One of the issues that don't get addressed by standard rock-climbing training is how to get the rope over a large 2 story house - it can be quite a distance. People that specialize in adjuster roof safety will walk you through the unavoidable grief that is specific to this trade. It is kind of unique, it is a "work positioning" as opposed to straight-down fall-arrest. So the attachment point is going to be at the front, someone who is working off a tall scaffold will need attachment at the rear shoulder area. There are some unique aspects to it.

    Bob H
    pondman
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    04/24/2014 3:30 AM

    If I was in France in the earlier years, I would believe you just took your gloves off and slapped me in the face there my good man. Did I step of your toes? Do we need to grab "ascenders" and "static line" and walk 20 paces and commence to have a climb off.  Ha Ha ! 

    Funny thing is, my entire comments and safe climbing teachings are based on SPRAT. Thanks for continuing to shed knowledge on that.

    Grab your "grigri" ooops my fault....your "Petzi" rig and let's secure a 250 ft. line over a 2 story 12/12 pitch to secure anchors and use an "ascender" with the "Petzi" and while we are clipped in take the belay lever off the lock position and see if we fly off that roof or as you say gravity have its way. If you are using your equipment correctly you will no go sliding down the rope like a "seal team from a helicopter drop".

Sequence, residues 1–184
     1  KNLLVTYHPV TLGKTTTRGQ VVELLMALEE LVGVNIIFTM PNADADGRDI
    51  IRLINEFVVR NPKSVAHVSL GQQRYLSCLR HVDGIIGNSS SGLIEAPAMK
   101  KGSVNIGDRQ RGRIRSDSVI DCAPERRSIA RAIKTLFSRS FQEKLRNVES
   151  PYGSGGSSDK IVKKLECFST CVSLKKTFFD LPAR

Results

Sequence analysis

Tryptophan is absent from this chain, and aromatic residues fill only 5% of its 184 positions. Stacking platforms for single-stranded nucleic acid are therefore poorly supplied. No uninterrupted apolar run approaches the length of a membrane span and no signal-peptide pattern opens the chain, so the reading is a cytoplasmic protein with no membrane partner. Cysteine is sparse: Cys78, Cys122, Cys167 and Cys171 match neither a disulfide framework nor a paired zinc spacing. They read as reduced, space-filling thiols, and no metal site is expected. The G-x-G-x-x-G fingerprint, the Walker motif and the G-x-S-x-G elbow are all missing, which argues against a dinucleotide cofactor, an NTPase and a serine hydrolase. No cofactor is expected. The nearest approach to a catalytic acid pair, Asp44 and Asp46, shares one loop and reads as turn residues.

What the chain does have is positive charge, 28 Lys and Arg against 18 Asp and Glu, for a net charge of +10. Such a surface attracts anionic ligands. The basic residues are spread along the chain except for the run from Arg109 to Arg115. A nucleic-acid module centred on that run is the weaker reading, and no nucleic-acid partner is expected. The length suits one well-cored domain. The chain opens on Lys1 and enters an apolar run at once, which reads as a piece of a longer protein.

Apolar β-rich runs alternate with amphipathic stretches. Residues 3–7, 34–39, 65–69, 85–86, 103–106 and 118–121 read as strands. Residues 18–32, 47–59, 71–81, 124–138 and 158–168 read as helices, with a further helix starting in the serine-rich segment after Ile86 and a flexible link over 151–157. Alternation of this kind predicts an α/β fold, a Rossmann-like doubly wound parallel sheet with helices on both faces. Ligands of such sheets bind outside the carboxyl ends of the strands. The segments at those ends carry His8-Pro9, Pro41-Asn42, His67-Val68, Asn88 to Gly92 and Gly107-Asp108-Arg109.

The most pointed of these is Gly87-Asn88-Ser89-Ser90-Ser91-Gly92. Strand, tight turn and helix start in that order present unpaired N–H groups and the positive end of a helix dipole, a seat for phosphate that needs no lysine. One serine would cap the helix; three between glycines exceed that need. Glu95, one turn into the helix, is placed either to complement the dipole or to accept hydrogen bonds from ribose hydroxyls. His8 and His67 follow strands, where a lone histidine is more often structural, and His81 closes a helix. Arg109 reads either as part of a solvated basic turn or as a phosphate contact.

Didn't mean to ruffle your feathers. Safe climbing guys.

    P.S. my 300 ft. rope, ascender, Petzl Grigri, anchor lines are all coming in handy these last two weeks on these Dallas Texas roofs. Nothing like a straight up two story onto a 12/12 pitch hip all the way around.

    Good day Mates.

    Give them what they want, when they want it, and how they want it !
    BobH
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    04/24/2014 10:31 AM
    WTF?
    Anyway... I have used the Gri-Gri quite a bit, however my choice for the last few years has been a simple rope grab.
    I wore out a Gibbs rope grab, and am now using a Petzl rescuscender (not to be confused with the Petzl ascender - which I do not like at all).

    I am sure there are multiple instructors out there who can do a good job - and I am not picking sides.

    When I did my training there were not a lot of choices. Just don't be too quick to pass judgement on Kevin's class in Texas if you haven't done it personally - he does have extensive experience in this field and knows what he is doing.
    Bob H
    Jud G.
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    04/24/2014 11:09 AM

    Great posts Bob and AA. Both are very insightful.

    Bob, glad to see you back. You always set an example with such informative posts that address the issue and remain diplomatic.  I like how you remain open to new certifications and consider how they can help you open new doors.  If you are still doing State Farm work, this is usually a world involving large carriers who favor numerous certifications and designations.

    My IA background is in a world similar to AA whereas many certifications are indeed useless.  This world welcomes adjusters who may be low on the certification side, but demonstrate that they are pro-solution (I am not in anyway indicating you are not, because it is clear that you are).  This world is characterized with carriers who issue manuscript policies and have a strong correlation that's absent the expectation of certifications.  For example, I was once told by a manager issuing claims with high-end GA rates that adjusters who focus on numerous carrier certifications, NFIP, rope-harness, etc. are irrelevant and, in some cases, can be detrimental.

    BobH
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    04/24/2014 5:43 PM

    Thanks Jud.